Components of a sub system, are called operating in parallel if failure of ALL components causes failure of the sub system. In case a components fails, other components take over. In such case, multiply the Unavailability (UA) of components, to find availability of the Sub system.

Asubstem= 1- (UAcomponent_1 x UAcomponent_2 x ……… UAcomponent_n)

                        Where UAcomponent= 1-Acomponent

Consider a System with 3 subsystems/components A, B, and C. The component B is a combination of components B1 and B2. Here A, B, and C are in series and component B1 and B2 are in Parallel.

Sample System To calculate Availability

Calculating Degree of High Availability

Hence the to calculate the Availability of above sample system, following are the steps.

Availability          = AA x AB x AC

= AA x {1- (1-AB1) x (1-AB2) } x AC

= 99.00% x { 1- (1-99.00%) x (1-99.99%) } x 99.99%

= 99.00% x 99.9999% x 99.99%

= 98.99%

Do you know any other better way to calculate the Availability? Leave your thoughts in the comments box.

Are you losing profits! Make your system highly available?

HA_Cost of Downtime

Increase Profit – Make your IT solution Highly Available

Recent studies indicate that almost 59 percent of Fortune 500 companies witness IT outages of 1.6 hours per week. A company  with around 10,000 employees, which pays USD 56 per hour (including salary and  benefits), is losing USD 46 billion per year due to unavailability of its software solutions. (http://www.evolven.com)

According to a research by Coleman Parkes, 37,160,146 person hours are lost across Europe due to IT downtime.

In the last one decade, there has been a major shift in the way business organizations work.  Most companies are actively using technology at every level to become more efficient and productive and improve their profitability. Take any industry—whether healthcare, manufacturing, social networking, media, or communication—you will be amazed at the technical solutions (a combination of software/hardware) that companies within these verticals have deployed and the critical role these solutions are playing in improving their businesses.

At the same time, though these IT solutions are adding value, they are also leading to loss of business when they are not ‘available or down’.    Airlines, for instance, cannot afford outages that cause their ticket booking systems to be down, even for a few hours. Retail chains like BestBuy and  eBay cannot afford outages of their e-commerce websites or billing systems around Thank Giving or Christmas.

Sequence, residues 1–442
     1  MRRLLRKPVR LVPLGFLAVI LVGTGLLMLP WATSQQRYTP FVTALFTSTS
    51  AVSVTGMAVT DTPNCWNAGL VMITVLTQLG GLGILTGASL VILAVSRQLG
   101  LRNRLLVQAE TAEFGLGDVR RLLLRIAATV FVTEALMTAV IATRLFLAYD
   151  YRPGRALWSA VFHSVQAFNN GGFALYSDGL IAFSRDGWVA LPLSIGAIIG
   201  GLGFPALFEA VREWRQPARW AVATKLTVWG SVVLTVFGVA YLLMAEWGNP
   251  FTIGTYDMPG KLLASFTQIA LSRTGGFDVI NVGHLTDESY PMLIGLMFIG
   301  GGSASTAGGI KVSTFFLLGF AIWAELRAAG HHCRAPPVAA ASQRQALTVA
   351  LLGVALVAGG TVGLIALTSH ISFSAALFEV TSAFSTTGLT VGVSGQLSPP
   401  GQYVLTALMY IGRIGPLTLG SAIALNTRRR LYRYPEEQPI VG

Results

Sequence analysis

The ‘Availability’ of a system talks about how long the system will remain up and running to serve the purpose of its end users. A system which is up and accessible to end users will be considered ‘Available’. If a system is up and due to network issues not accessible to end users, it will be considered up, but not ‘Available!’

High Availability

Downtime at 10% Unavailability

Calculating Downtime is an intuitive way of calculating Availability. The claim that an IT solution is 90 percent available in a year (24x7x365), draws a ‘wow’ reaction. What an impressive figure—just 10 percent downtime in a year! Let’s examine this data more closely. Ten percent unavailability implies that the software is down for:

  • 36.5 days in a year,or
  • 72 hours in a month, or
  • 16.8 hours a week or
  • 2.4 hours a day

Therefore, if a system is available for 90 percent it implies that the total downtime for the target system is one month in a period of 12 months.

It has become a trend to express Availability in the count of Nines (9). For example, one nine to seven 9s (90, 99, 99.90, 99.99, 99.999, 99.9999, 99.99999). The more the nines, the more reliable and available the system is. For example, if an online banking system is available for 99.999 percent of the time, then it means the system is down only for 5.26 minutes in a year!

The following table reveals interesting facts about down time. Clearly, the more nines, the more the Availability.

HA_3_Availability in Nines

And how should one calculate Availability?

To measure Availability, you need to know the Mean Time Between Failures (MTBF) and Mean Time To Recover (MTTR). Once you have this information then use the following formula:

Availability = MTBF/ (MTBF+MTTR)

The above formula will show just how much your system is available to end users. In the blogs that follow, I will be writing about the factors which result in lower availability as well as how you can calculate the MTBF and MTTR.

I have tried to briefly talk about Availability and am looking forward to hearing your opinions on the issue and taking the discussion forward.